Cart (Loading....) | Create Account
Close category search window
 

Improving Carbon Nanotubes Sensor Time Response and Responsivity Using Constant-Power Activation

Sign In

Cookies must be enabled to login.After enabling cookies , please use refresh or reload or ctrl+f5 on the browser for the login options.

Formats Non-Member Member
$31 $13
Learn how you can qualify for the best price for this item!
Become an IEEE Member or Subscribe to
IEEE Xplore for exclusive pricing!
close button

puzzle piece

IEEE membership options for an individual and IEEE Xplore subscriptions for an organization offer the most affordable access to essential journal articles, conference papers, standards, eBooks, and eLearning courses.

Learn more about:

IEEE membership

IEEE Xplore subscriptions

4 Author(s)
Mengxing Ouyang ; Centre for Micro & Nano Syst., Chinese Univ. of Hong Kong, Shatin, China ; Li, W.J. ; Leong, P.H.W. ; Ka Wai Wong

For classical resistive-based signal transduction methods, constant-power (CP) and constant-current (CC) activation methods have been utilized since the 1970s. However, since the discovery of carbon nanotube (CNT) in 1991, not much has been done in the past 20 years in terms of comparing how these transduction methods affect CNT-based sensor output. In this paper, we compare the responsivity, sensitivity, transient response, and instantaneous power consumption of CNT sensors activated by CC and CP modes. As an application example, multiwall CNTs were functionalized with COOH groups and used as ethanol (alcohol) vapor sensors. A CP control circuit has been built in order to test the CNT-based ethanol vapor sensors. A commercial source meter was used to activate the CNT sensors under CC mode. The CP configuration was shown to be effective in minimizing the self-heating effect, which is a significant factor that affects sensor performance, especially for resistive-based sensors. Compared to CC mode, CP mode of sensor activation demonstrated not only shorter transient response time but also larger responsivity, especially when the input activation power is low or ethanol concentration is relatively high.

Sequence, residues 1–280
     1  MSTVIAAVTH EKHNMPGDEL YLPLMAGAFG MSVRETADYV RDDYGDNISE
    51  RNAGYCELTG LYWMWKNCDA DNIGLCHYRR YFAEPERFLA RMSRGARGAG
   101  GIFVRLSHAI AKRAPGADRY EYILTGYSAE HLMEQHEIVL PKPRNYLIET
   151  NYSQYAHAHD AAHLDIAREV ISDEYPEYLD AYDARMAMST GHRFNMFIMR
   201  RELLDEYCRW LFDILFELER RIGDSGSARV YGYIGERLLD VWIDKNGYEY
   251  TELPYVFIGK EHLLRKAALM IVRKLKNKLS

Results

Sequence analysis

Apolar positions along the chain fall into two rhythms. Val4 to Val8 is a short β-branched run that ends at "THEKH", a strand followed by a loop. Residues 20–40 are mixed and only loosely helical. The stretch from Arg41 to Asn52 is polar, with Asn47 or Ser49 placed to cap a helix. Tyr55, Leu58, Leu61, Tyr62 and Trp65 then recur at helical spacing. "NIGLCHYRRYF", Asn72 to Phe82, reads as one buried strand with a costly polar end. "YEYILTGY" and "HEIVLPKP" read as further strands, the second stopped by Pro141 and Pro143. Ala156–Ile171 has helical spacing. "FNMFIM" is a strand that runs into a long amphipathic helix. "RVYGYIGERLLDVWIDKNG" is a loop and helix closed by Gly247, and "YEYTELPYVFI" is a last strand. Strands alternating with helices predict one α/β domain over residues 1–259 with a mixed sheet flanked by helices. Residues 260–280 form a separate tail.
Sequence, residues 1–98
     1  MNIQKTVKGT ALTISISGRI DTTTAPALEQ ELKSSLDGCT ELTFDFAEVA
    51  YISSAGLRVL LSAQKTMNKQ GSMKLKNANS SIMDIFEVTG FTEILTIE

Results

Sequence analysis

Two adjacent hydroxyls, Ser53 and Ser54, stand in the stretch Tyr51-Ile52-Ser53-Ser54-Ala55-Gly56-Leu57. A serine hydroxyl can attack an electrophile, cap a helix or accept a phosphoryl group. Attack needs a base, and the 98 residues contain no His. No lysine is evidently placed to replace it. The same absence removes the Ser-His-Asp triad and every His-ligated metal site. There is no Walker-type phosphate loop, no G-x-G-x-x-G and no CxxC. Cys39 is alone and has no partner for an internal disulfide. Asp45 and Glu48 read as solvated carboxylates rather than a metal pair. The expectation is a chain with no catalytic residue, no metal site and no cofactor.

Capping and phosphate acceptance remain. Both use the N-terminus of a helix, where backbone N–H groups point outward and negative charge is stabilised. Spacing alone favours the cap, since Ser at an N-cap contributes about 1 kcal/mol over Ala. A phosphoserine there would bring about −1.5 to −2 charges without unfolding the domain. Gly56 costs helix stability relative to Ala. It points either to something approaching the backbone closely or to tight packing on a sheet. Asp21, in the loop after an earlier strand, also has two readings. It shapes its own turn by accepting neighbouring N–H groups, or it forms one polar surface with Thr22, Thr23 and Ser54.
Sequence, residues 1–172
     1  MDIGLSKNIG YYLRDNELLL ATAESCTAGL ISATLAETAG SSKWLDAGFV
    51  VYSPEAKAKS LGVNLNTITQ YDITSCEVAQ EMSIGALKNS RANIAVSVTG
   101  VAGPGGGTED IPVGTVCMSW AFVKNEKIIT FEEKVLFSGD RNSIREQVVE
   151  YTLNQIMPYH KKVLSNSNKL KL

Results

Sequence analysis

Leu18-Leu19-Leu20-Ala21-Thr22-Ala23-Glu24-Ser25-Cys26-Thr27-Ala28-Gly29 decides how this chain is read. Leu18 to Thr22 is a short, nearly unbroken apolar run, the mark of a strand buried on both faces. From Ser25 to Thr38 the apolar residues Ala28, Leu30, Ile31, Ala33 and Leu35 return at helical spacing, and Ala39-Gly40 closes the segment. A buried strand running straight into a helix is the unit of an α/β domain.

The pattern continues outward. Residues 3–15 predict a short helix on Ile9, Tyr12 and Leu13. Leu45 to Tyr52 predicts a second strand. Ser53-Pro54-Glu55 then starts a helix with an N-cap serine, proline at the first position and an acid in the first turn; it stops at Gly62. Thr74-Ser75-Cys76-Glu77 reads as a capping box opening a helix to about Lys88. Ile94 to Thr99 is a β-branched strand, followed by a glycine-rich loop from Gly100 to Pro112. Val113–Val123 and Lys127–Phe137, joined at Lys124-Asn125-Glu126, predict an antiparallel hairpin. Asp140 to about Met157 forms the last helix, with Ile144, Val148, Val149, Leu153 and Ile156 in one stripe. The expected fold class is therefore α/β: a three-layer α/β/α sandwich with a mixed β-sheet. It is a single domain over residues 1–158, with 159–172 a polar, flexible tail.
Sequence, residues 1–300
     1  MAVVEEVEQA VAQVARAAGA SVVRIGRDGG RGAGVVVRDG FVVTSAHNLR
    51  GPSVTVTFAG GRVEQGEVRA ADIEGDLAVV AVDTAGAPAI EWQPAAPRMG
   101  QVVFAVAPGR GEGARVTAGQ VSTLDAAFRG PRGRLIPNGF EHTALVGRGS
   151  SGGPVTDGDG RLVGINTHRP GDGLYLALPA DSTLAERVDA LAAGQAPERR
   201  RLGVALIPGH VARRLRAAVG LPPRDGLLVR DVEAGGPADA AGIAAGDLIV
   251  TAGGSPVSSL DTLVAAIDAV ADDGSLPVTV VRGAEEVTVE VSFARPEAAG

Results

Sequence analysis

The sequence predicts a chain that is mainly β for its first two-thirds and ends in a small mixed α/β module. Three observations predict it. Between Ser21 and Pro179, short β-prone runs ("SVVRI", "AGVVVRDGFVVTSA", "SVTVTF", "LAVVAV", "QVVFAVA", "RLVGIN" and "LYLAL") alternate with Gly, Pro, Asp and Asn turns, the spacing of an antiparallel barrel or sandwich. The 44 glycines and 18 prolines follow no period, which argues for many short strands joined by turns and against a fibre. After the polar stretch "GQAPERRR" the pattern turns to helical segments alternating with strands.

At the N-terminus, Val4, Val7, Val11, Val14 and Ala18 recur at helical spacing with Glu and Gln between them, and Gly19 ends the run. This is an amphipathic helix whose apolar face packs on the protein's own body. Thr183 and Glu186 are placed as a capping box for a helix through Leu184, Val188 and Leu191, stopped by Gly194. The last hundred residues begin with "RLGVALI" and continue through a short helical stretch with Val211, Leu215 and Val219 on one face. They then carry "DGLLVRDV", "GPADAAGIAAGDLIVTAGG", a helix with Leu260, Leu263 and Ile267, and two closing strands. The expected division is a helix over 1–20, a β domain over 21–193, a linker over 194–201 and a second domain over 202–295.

Published in:

Nanotechnology, IEEE Transactions on  (Volume:11 ,  Issue: 3 )

Date of Publication:

May 2012

Need Help?


IEEE Advancing Technology for Humanity About IEEE Xplore | Contact | Help | Terms of Use | Nondiscrimination Policy | Site Map | Privacy & Opting Out of Cookies

A not-for-profit organization, IEEE is the world's largest professional association for the advancement of technology.
© Copyright 2014 IEEE - All rights reserved. Use of this web site signifies your agreement to the terms and conditions.